U.S. President Donald Trump has announced his intention to pull America out of the massive Paris climate deal, signalling a major blow to what may be the most important global agreement to curtail climate change ever devised.
Trump says the decision to nope out of 2015’s accord is based on the apparent needs of “the United States, its businesses, its workers, its people, its taxpayers.” He believes they’ll all be unfairly impacted by the agreement’s pledge to curtail greenhouse gas emissions.
Instead of moving ahead with the agreement, which only counts Nicaragua and war-torn Syria among other abstainers, Trump says he’ll try and work out a new deal that holds America to a different standard.
“If we can, that’s great. If we can’t, that’s fine,” he says.
This is a huge deal for several reasons, not least of which being the fact that the United States would have contributed to a full 21% of emission reductions had they stayed the course.
It’s estimated that the U.S. alone pulling out will account for global temperatures rising by several tenths of a degree Celcius, which in itself is a huge goddamn deal, when the Paris accord was intended to cap the global temperature rise at 2 degrees Celcius above pre-industrial levels.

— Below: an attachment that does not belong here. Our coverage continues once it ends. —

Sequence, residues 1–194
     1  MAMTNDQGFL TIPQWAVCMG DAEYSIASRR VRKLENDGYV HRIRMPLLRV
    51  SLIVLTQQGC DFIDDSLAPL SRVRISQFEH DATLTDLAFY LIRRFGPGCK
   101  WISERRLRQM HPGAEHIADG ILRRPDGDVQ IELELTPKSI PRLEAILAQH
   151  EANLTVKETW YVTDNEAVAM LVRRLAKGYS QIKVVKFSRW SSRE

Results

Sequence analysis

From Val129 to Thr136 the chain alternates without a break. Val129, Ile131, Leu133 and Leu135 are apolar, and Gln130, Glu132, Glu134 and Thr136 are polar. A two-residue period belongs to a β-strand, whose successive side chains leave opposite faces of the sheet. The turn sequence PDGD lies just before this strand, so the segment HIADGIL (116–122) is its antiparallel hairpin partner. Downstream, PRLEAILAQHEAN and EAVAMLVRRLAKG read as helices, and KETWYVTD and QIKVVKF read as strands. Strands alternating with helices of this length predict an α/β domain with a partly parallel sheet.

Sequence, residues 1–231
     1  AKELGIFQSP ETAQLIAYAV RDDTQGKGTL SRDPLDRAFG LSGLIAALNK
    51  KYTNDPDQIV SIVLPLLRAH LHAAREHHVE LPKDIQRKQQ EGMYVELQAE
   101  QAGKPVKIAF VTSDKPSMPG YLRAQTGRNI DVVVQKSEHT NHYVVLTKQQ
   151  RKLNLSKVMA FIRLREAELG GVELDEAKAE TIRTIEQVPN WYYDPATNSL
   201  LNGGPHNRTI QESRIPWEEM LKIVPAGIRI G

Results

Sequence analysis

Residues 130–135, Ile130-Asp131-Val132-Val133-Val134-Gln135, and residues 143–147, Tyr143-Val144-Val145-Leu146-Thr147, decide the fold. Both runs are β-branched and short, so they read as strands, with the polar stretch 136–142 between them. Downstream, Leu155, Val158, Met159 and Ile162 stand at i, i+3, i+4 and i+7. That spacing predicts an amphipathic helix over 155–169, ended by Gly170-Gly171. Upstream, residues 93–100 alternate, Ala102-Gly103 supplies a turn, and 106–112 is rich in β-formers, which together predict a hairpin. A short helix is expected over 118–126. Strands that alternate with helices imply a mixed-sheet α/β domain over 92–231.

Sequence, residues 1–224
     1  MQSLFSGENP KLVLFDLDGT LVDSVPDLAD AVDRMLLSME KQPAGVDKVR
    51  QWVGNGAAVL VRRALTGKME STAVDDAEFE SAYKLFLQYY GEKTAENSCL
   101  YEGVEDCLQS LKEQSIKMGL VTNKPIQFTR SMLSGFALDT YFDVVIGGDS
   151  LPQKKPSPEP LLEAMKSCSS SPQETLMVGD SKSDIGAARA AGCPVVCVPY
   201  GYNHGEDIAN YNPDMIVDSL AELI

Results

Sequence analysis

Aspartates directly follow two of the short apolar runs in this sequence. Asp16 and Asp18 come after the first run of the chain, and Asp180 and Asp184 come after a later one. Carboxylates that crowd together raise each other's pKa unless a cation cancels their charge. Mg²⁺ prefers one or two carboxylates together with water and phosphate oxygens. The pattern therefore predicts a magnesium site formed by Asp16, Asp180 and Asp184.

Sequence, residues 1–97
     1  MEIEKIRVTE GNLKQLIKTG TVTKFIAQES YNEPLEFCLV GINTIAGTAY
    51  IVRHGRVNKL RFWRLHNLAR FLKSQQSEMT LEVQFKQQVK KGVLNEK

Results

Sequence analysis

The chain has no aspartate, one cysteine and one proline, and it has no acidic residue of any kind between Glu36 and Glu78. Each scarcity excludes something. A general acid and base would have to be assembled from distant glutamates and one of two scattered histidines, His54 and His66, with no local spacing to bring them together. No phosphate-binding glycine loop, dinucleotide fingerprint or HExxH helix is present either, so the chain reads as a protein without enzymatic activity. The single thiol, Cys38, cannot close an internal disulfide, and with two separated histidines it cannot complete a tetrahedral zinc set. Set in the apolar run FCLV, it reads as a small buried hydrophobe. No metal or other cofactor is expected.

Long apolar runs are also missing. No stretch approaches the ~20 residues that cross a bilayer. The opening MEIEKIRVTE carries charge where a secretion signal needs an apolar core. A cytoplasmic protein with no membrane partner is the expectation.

Former president Barack Obama has made a rare criticism of the Trump administration, saying that the U.S. “now joins a small handful of nations that reject the future.” He’s got skin in the game for other reasons – the Paris agreement was a huge diplomatic milestone during his time in office.
It’s also worth noting huge industrial players are ropeable here, too. The heads of IBM, General Electric, and Tesla have all criticised Trump’s decision as reckless and short-sighted.
For what it’s worth, Australia remains committed to upholding its end of the bargain – for now.